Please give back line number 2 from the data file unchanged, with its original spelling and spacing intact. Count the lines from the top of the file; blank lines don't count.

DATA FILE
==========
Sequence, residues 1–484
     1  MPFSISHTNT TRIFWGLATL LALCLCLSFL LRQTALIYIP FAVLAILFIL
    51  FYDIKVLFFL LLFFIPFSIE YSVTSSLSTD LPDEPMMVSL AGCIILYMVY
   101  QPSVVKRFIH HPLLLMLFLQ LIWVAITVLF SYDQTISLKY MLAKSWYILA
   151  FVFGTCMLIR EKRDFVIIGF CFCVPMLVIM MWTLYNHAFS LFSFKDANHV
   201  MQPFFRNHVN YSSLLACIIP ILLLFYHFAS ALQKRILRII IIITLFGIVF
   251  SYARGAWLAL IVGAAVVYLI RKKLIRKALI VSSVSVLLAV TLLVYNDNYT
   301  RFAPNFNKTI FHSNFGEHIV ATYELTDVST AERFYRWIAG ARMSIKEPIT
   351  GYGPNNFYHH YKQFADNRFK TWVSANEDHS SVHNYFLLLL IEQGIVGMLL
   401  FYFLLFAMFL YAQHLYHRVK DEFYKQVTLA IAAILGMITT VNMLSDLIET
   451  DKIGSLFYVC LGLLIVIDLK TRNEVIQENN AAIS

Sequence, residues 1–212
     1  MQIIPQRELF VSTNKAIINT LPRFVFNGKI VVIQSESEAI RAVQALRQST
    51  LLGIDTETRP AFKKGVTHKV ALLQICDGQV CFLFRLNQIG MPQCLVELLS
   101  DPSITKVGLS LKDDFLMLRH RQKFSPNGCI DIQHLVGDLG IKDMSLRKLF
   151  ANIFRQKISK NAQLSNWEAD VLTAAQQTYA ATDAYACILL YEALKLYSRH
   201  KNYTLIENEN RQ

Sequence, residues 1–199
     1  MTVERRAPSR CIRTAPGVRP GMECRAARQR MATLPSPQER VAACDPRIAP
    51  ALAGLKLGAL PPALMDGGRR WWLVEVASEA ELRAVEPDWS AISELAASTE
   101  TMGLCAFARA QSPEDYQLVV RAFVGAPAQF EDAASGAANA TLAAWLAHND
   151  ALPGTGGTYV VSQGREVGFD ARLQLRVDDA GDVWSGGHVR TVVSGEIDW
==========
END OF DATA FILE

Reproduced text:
     1  MPFSISHTNT TRIFWGLATL LALCLCLSFL LRQTALIYIP FAVLAILFIL